By establishing the first network of shelters for trans persons in Mexico, Kenya is addressing the high rates of homelessness that frequently undermine efforts to improve the trans community's quality of life while strengthening their collective capacity to mobilize for change. Further, she is involving the public and private sectors to create an institutional framework to break cycles of poverty and exclusion on a large scale.
The New Idea
The trans community experiences some of the worst levels of poverty, discrimination, and violence in Latin America. Kenya’s life story reflects this reality starkly, but it has also allowed her to understand what needs to change. Her motto is: “our greatest vengeance is to be happy.” She aims to see trans people represented in all professional, political, academic, and cultural spaces. Guided by this vision, she is reimagining the possibilities available to trans people and is creating the conditions to make them a reality.
Through Casa de las Muñecas, Kenya responds to trans people’s basic needs while also pushing for institutional changes that allow them to access full rights as citizens. While she initially focused on using activism to raise awareness and call authorities’ attention, she shifted to a solutions-driven approach that combines on-the-ground support for the community engaging decision makers to design more responsive policies and practices. On one hand, Kenya collaborates with public institutions, businesses, and the media to address prejudice and implement new laws and policies. She engages leaders to challenge negative stereotypes about the trans community, both through information and by embodying a different narrative. Once a foundation of individual empathy has been fostered, she works hand in hand with authorities to institutionalize this mindset and design or reform services that account for the context of the trans community. For example, ensuring that processes for public services are accessible for people with low literacy levels like most of the trans community in the country.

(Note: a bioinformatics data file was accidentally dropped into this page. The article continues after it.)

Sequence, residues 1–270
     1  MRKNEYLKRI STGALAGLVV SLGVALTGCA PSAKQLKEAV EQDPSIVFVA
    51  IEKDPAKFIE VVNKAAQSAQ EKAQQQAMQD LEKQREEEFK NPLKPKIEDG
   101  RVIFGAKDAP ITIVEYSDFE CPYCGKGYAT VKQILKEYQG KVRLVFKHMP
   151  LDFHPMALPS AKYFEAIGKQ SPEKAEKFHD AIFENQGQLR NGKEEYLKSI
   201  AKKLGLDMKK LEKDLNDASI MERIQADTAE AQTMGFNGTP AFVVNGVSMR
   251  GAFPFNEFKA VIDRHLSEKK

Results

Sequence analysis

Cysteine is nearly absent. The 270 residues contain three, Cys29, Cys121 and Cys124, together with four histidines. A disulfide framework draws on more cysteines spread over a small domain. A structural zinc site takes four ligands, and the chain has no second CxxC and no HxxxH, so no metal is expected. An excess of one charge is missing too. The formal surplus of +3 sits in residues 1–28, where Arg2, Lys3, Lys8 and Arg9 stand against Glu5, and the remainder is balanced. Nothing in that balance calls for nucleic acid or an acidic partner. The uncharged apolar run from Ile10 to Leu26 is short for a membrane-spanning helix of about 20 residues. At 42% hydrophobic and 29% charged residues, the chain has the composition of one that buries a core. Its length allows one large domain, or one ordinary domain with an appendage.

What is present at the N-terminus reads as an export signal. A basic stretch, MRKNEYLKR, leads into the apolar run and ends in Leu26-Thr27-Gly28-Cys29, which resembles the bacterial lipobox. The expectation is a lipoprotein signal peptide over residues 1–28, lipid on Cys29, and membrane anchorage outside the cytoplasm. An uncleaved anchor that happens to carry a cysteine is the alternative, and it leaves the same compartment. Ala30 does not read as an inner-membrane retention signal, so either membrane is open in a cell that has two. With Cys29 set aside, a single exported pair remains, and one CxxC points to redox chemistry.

On the other hand, Kenya prepares trans people to exercise the rights she is fighting to secure. She has built a national network that connects trans people with support services such as legal counseling to change their identity or help to find medical centers that offer empathetic care. This strategy includes 2 shelters —the first for trans people in Mexico—where people can have a safe space to recover their health, complete their education, and find employment. The aim is to connect and build trust between the trans community and public and private institutions, a relationship that has been historically defined by fear and exclusion. Moreover, the model is not limited to helping trans people to survive; it is carefully designed so that they can develop the physical and emotional health, the skills, and the relationships they need to thrive. Kenya expands their choices beyond informal, precarious livelihoods and ensures that they will be ready to step into the new roles that open for them.
In the next few years, Kenya seeks to establish more shelters across Mexico and Central America that can be self-sustaining. Her expansion strategy is partnering with a local public institution that can donate the space for Casa de las Muñecas to set up and administer. She will continue to advocate for institutional reform and policies and legislation that can create change at a national level, starting with a bill to change Mexico City’s penal code so transfemicide is recognized as a specific crime. Although it is pending approval, the debate around the reform has already helped to shed light on the high rates of violence against the trans community. Conversations are also underway with the Ministry of Education to develop integration and inclusion protocols for LGBTQ+ children and youth.